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Friday, March 12, 2010

Pacquiao has perfect game plan for Clottey

DALLAS, Texas (AFP) – Filipino superstar Manny Pacquiao puts hisWorld Boxing Organization title on the line Saturday against Ghana's Joshua Clottey as they headline the first fight card at Cowboys Stadium.

The 31-year-old Pacquiao will be making the first defence of his WBO welterweight belt but it could also be his last fight as he prepares to embark on a political career in his native Philippines.

Pacquiao, who will run for a congressional seat in May after failing to get elected three years ago, said Filipinos are now more accepting of his political goals.

"Before they don't want me to enter politics because I am still fighting," Pacquiao said. "They didn't want to lose Manny Pacquiao in boxing. But now my time in boxing is really short. I have to think about the future and helping my people."

But first the three-time fighter of the year Pacquiao has to get past the much bigger Clottey who is fighting at his natural weight (147 pounds) unlike Pacquiao who is moving up in weight class.

Pacquiao (50-3-2, 28 KOs) has looked unstoppable in his last three fights and he isn't showing any signs of losing power as he fights bigger and stronger opponents.

Pacquiao has won 11 consecutive fights, eight by knockout, since losing to Erik Morales in March 2005.

His plan is to wear the 32-year-old Clottey down on Saturday so he can finish him off in the later rounds.

"Joshua will bring out the best in Manny," said Pacquiao's trainer Freddie Roach, who wants to see his champion fight one more time - against Floyd Mayweather - then retire. "Manny will go out there and fight another perfect fight."

Promoters are expecting a sellout of 45,000 for the first fight card at the 1.2 billion dollar Cowboys Stadium which was opened last year.

The home of the NFL's Dallas Cowboys is an unusual venue for a world championship fight because of its location and size. The majority of world title fights these days are held in much smaller venues in Las Vegas.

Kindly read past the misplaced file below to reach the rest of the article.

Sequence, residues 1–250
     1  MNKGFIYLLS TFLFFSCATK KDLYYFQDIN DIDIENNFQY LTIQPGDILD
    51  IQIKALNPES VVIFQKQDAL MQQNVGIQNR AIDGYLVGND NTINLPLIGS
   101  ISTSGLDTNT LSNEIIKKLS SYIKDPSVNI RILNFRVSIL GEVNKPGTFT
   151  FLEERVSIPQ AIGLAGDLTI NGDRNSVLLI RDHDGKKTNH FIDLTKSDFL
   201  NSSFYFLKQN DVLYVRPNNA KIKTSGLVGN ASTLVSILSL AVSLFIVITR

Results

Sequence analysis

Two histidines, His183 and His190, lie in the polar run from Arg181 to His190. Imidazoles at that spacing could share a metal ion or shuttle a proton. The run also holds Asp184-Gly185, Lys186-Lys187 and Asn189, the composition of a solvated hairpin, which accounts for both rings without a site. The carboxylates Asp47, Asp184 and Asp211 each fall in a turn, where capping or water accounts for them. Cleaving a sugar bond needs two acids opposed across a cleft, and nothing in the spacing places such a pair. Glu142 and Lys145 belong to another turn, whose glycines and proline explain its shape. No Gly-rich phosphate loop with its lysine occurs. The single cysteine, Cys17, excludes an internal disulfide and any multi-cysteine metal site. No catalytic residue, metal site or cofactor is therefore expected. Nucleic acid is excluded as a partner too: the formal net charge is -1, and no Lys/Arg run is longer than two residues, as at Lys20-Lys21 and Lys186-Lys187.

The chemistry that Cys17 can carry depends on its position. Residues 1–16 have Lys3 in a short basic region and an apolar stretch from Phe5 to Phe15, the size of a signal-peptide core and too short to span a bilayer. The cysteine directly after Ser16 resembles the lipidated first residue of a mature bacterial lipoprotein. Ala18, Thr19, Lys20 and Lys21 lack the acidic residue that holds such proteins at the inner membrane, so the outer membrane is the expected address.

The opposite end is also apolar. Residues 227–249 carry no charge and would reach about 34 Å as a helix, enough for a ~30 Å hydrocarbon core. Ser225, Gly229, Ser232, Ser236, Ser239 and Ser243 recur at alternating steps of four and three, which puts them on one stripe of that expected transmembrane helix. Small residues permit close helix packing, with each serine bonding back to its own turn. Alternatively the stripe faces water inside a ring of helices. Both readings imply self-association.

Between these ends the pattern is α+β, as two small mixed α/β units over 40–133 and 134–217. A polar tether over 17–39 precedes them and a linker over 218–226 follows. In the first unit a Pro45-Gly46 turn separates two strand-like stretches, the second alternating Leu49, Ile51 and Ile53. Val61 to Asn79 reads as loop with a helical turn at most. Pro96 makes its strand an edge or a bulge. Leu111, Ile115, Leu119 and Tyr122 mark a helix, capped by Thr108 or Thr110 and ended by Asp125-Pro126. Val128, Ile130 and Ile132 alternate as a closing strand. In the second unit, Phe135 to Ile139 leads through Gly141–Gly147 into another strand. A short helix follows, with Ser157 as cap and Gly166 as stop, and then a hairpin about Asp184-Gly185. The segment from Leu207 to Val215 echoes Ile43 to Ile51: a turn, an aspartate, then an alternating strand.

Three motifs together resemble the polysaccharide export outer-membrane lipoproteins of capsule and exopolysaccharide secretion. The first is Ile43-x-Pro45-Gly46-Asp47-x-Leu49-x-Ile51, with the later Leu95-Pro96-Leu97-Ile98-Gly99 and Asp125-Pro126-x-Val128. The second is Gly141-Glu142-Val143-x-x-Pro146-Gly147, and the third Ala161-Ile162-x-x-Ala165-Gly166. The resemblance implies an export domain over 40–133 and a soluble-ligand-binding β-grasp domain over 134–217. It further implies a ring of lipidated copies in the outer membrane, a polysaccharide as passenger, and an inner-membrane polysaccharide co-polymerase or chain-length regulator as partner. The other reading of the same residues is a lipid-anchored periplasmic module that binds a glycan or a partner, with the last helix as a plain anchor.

This will be the largest crowd Pacquiao has fought in front of and he is looking forward to showing what he can do.

"This is very important fight for me," Pacquiao said. "This is my first time here in Dallas.

"It is going to be worldwide and it is a good example to other places that also want to promote boxing."

Pacquiao had been expected to fight Mayweather on the same date in a pound-for-pound mega-fight.

But when that bout fell through over a drug-testing dispute, former IBF champion Clottey (35-3, 21 KOs) came into the picture.

Both fighters fought former champion Miguel Cotto in their most recent fights - southpaw Pacquiao winning by a 12th round TKO four months ago and Clottey losing a close decision to Cotto nine months ago.

Clottey, who has never been knocked down, comes into the fight without his long-time trainer Godwin Kotey, who is back in Ghana because he couldn't get a visa to come to the US.

Kotey's replacement is former cutman Lenny DeJesus, 64, who was promoted to head trainer just seven weeks ago.

DeJesus says his boxer is more than just a fill-in fighter for Mayweather.

"It is a hurting game," said DeJesus, who worked a half dozen fights in Pacquiao's corner as a cut man. "If my guy can put a hurt on Pacquiao that will change the fight.

"I got a stronger and bigger guy. I have created some different movements so he won't be a target."

This is Pacquiao's second fight as a true welterweight. He weighed just 106 pounds for his first professional fight in 1995 and won his first title in the 112 pound flyweight division

His major titles have come in weight classes ranging from 112 pounds to 147 pounds and he is the first Asian to win four or more major belts.

Before systematically dismantling Cotto in 12 rounds, he sent Oscar De La Hoya into retirement in December 2008 and demolished Briton Ricky Hatton in just two rounds in May 2009.

"I want to give a good fight and make people happy," Pacquiao said. "We have a plan. We have some strategy and whatever happens in the ring we will adjust to.

"We based our training on our opponent's style. We trained perfectly to the style of the opponent so I think our team work for this fight is very good."

Author: Greg Heakes

Source: news.yahoo.com

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